When you’re deciding whether or not to place your child up for adoption, the decision can feel very daunting, heavy, and stressful. You may have doubts or feel shame, but ultimately the decision is up to you to decide what is best for your child. Whether you choose to raise your baby or place them with a family, you are being responsible and selfless by determining what is best for your little one given the circumstance. If you decide to place your baby with a family, worries may arise; however, there are ways to navigate through those valid thoughts. Here are some common concerns birth parents face when contemplating adoption and helpful ways to cope.
What if I am a bad parent for placing my child?
It is a common thought to have when placing your child, but the important thing to remember is that it is untrue. You are placing your child because it is the best decision for your child, which speaks volumes for you as a person. A lot of the time, circumstances are not in our control, so we have to plan accordingly. Everyone’s journey in adoption is unique, but as long as it’s a more suitable circumstance for your child, it may be worth the hardships adoption can bring. Also, if you choose open adoption, it gives you the opportunity to be with your child and build a relationship with them. If you are struggling with this, joining a birth mother support group can help battle the worrisome thought of being a bad parent.
Check out this link for support groups!
What if my child hates me?
In most cases, the open adoption allows for birth parents and the child to build a bond early on. Some grow to have great relationships with both the adoptive parents and the birth parents. The hope is that the child will recognize the circumstances that were behind the decision for placement. As mentioned before, the decision is based on what’s best for the child and their overall wellness.
What if the adoptive parents aren’t taking good care of them?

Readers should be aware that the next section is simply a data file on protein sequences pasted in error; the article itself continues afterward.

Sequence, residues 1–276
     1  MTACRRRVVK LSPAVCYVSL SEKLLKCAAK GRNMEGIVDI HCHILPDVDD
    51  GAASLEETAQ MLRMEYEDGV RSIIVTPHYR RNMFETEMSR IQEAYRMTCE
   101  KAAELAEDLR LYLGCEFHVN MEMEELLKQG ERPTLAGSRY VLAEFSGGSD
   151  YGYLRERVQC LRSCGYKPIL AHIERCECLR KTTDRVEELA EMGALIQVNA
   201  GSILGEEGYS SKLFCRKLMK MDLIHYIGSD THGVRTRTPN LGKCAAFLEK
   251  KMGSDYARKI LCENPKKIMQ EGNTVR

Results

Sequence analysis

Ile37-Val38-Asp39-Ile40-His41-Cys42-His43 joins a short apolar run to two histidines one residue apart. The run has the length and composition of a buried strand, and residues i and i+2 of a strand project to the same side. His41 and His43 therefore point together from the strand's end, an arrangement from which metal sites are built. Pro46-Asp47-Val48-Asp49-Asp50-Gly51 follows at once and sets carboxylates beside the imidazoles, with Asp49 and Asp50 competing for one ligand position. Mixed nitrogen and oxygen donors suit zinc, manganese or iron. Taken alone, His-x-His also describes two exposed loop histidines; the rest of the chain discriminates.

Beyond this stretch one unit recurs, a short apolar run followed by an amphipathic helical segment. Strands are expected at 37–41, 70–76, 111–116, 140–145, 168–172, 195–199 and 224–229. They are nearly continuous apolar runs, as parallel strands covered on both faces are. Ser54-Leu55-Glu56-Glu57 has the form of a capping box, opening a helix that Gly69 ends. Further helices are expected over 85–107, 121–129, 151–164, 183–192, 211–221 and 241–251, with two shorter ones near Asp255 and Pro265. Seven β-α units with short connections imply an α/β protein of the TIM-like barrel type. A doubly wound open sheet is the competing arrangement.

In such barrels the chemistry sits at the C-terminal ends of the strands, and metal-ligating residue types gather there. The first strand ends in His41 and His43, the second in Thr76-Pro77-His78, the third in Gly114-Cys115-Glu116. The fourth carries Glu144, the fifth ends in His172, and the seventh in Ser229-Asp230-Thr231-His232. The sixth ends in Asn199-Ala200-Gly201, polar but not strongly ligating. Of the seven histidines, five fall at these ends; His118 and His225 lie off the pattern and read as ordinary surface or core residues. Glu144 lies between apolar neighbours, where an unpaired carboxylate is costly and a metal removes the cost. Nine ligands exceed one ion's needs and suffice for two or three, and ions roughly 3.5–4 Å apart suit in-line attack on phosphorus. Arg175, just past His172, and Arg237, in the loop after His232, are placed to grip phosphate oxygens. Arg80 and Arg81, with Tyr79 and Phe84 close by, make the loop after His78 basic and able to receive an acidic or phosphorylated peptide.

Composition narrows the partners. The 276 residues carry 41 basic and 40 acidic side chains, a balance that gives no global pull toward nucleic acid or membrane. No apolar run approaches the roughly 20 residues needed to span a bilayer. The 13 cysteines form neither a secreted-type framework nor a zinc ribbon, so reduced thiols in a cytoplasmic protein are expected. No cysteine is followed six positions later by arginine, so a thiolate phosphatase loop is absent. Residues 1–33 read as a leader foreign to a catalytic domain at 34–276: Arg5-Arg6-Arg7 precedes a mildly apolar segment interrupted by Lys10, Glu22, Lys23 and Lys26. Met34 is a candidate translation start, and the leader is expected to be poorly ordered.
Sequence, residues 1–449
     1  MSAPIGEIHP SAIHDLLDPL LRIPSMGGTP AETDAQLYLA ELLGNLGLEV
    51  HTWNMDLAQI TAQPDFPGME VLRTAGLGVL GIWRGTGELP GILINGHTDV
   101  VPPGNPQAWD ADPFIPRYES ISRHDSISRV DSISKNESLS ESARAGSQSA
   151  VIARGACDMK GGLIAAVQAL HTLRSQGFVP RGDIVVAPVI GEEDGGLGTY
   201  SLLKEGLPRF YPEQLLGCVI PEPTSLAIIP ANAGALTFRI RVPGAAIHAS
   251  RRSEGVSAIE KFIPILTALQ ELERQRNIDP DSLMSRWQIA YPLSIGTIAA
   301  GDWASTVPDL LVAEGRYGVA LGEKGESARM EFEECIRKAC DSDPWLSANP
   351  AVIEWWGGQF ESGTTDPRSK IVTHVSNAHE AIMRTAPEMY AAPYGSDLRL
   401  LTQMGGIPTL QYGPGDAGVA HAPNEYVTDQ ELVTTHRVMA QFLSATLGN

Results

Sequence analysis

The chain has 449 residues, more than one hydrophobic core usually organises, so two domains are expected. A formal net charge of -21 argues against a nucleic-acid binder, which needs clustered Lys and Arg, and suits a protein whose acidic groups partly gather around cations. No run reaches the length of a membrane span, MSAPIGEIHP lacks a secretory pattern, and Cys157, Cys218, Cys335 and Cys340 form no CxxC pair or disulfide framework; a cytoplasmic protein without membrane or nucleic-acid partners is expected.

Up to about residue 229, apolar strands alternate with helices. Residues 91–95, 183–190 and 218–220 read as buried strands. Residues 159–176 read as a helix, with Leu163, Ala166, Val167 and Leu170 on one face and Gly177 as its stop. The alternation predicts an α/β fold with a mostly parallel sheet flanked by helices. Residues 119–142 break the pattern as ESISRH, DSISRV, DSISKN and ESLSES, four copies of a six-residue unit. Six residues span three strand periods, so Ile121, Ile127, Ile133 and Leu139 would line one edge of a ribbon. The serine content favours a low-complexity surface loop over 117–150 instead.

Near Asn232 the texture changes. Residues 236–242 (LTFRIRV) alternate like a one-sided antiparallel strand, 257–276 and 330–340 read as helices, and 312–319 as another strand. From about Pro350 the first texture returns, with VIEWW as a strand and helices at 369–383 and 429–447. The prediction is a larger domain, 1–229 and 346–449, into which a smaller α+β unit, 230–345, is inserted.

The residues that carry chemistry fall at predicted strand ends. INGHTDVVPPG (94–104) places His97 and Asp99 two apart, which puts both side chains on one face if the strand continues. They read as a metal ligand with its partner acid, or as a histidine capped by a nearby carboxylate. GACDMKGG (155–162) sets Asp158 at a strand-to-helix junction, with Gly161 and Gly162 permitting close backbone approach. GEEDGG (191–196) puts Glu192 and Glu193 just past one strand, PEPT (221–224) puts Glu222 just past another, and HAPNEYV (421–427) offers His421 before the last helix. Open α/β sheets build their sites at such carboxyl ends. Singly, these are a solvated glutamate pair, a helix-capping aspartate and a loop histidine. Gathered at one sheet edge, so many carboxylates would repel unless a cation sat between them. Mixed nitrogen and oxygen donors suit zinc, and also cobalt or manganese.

This doubt can be tough; however, statistics show that 88% of internationally adopted children from the age of 6 and older display positive social behaviors, while 85% of adoptive parents report the child is in excellent health. We recognize that things can go wrong, but you will have the chance to meet the family beforehand and have time to make your decision. Keep in mind, adoptive parents have to go through background checks, home studies, and other procedures to ensure the safety of the placement. The beauty of open adoption is that you can stay connected with your child and their family.
What if my friends and family judge me?
Judgment can be a heavyweight to bear. Reminding yourself of your reason for placement will help you navigate through other people’s opinions. As an expecting mother, you know what is best for you and your baby. Sometimes opinions may be hard to ignore, but helping your family understand through the information the agency provides to you can be helpful. The truth is, they aren’t the ones in your position. It’s important to understand that kinship placement may not always be what is best. You may have family offer help in the beginning, and as time goes on find yourself parenting alone. When it comes to placing your little one, expecting parents must be the ones to make that life-changing decision. If you find yourself needing support, you can look to friends or find a local support group with people who understand what you are experiencing.
Learn more about support groups here!
Finding out you’re pregnant when the timing isn’t right can be a hard thing to come to terms with. If you decide to place your child, it’s important to remember the reasons behind your decision. Placement is not an easy process for an expecting parent to go through. Experiencing doubt and loss can be tough, but finding resources and support is vital to help you navigate through your emotions. Allow yourself to experience your feelings and connect with others going through the same thing. There are many resources out there to help you. You are not alone.
Visit our website to learn more about placement and support groups, and check out our adoption blog!
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